We don’t know much about demons. The Bible speaks matter-of-factly of them, but provides little detail about them or their history. And God has good reasons for this, at least for now.
We do know a few truths about demons. We know demons oppose the kingdom of God (Luke 11:14–23), that they seek to deceitfully ensnare humans and manipulate them to do their will rather than God’s (2 Timothy 2:26), and that it’s possible for them to gain such an influence over a person that they essentially “possess” them (Luke 8:26–39). And we know that, unless people are born again and live in the authority of the risen Christ, demons have “the power of death” over them and therefore use people’s “fear of death” to maximum advantage (Hebrews 2:14–15).
We also know there is a hierarchy of demonic power (Ephesians 6:12), and that there is a ruling evil being known since antiquity as “the devil and Satan” (Revelation 12:9) who was manifested as a serpent in Eden (Genesis 3:1–5; Revelation 12:9), was present in the divine council in Job (Job 1:6–12), and tempted Jesus in the wilderness (Luke 4:1–13).
Why We Know So Little
No. Because when it comes to good and evil, God wants us “to be wise as to what is good and innocent as to what is evil” (Romans 16:19). Our best protection against demons is less preoccupation with them and more preoccupation with God — less understanding of deception and more understanding of truth.
Let me illustrate the danger I’m talking about with a reference from Tolkien’s The Lord of the Rings. The story is about the evil lord Sauron’s attempt to gain world domination, and the effort of men, elves, and dwarves to resist him. Two characters, Saruman, a wizard lord, and Denethor, a man governing the city of Gondor, obtained powerful “seeing stones” called palantírs. These stones allowed them to mentally communicate with Sauron, the owner of a third palantír, and glimpse goings-on in Sauron’s kingdom of Mordor.
Both Saruman and Denethor, renowned for their wisdom, thought this would increase their advantage in the struggle against Sauron. But they underestimated Sauron’s power to deceive them and overestimated their ability to resist it. Both were corrupted and manipulated by Sauron to their destruction. When another wizard, Gandalf, found himself in possession of a palantír, he refused to look into it, proving his superior wisdom.
None of us is a match for Satan and his demonic underlings. Increasing our wisdom in evil would be the path Saruman and Denethor chose, and we would likely share a similar end. Remember, desiring knowledge of both good and evil is what got us in trouble in the first place (Genesis 3:4–7). We are far better off to “be wise as to what is good and innocent as to what is evil.”
Our Spiritual Armor
- The belt of truth: what holds our “uniform” together and keeps our “limbs” free is knowing God’s truth.
- The breastplate of righteousness: understanding how we are clothed with Christ’s righteousness (Philippians 3:9) is what guards our vitals.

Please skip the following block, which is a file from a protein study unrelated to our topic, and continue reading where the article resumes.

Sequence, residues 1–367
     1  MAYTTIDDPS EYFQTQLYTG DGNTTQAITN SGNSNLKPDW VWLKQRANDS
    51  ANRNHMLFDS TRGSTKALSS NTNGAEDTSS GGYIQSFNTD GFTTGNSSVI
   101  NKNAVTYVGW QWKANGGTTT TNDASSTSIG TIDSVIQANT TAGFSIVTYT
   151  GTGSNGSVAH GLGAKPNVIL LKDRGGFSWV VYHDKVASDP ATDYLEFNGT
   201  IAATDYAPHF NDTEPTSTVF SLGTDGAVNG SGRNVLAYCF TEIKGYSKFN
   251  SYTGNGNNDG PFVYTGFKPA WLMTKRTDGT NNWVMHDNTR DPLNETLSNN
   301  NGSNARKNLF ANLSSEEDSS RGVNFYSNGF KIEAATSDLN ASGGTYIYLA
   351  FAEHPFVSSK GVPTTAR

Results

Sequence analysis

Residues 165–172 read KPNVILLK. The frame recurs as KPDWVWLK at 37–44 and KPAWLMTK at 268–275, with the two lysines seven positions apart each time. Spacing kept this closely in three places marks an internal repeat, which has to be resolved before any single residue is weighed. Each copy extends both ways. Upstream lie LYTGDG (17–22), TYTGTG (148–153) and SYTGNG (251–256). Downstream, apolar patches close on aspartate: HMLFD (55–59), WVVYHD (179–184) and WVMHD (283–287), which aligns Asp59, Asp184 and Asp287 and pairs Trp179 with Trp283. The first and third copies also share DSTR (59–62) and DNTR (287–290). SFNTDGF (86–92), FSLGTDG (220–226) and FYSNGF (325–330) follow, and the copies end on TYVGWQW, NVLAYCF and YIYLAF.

- The shoes of the gospel: what enables us to traverse difficult ground during battle is knowledge of the gospel of peace.
- The shield of faith: trusting God’s promises is what extinguishes darts of deception, not detailed knowledge of the darts or their shooters.
- The helmet of salvation: our head (our brain) is protected by clearly knowing who saved us and how.
- The sword of the Spirit: the word of God is our most powerful, effective offensive weapon against a powerful spiritual enemy.
- Pray at all times in the Spirit: speaking to demons is not something the Bible commends. The only speaking to demons we see is rebuking them in Jesus’s name. Praying to God is what we are mainly commanded to do when confronting demonic powers.
Every aspect of the armor and weapons of our spiritual warfare has to do with being wise as to what is good (and innocent as to what is evil). God is our best protection from the ravages of our evil enemy — God’s truth, his righteousness, his gospel, his promises, his salvation, his word, and our prayerful orientation to him.
What Makes the Devil Flee
Here’s the key: we grant authority to whomever we trust. The devil has no authority over any Christian, except the authority we grant him by believing him. The more we believe him, the more influence and control over us we give to him — the more he gets a hold on us. This is not some mysterious spiritual secret. This is the way influence or control works in any relationship we have.
When it comes to demons, we do not need to claim any authority over them. Words don’t act like spells with demons (Acts 19:15). Demons only recognize God’s authority and they tremble before it (James 2:19). When we submit ourselves to God — come under his authority by trusting, obeying, and enjoying him — demons get the hell away from us. This act of faith releases great spiritual power, and demons cannot withstand it.
Demons are real — powerfully real. They wreak more havoc in our lives and society than most post-Enlightenment Western Christians are aware of. We must take God’s words more seriously than our culture’s ridicule. But we do not need to know more details about demons or their strategies than God has told us. We do not need to be wiser in evil things.
We need to know God. The more we know God and his word, the more we trust him and live in obedience to him, the wiser we become as to what is good, the more dangerous we become to demons. Because our submission to God brings his kingdom to bear in the world and is how “the God of peace . . . crush[es] Satan under [our] feet” (Romans 16:20).
Source: Jon Bloom | Desiring God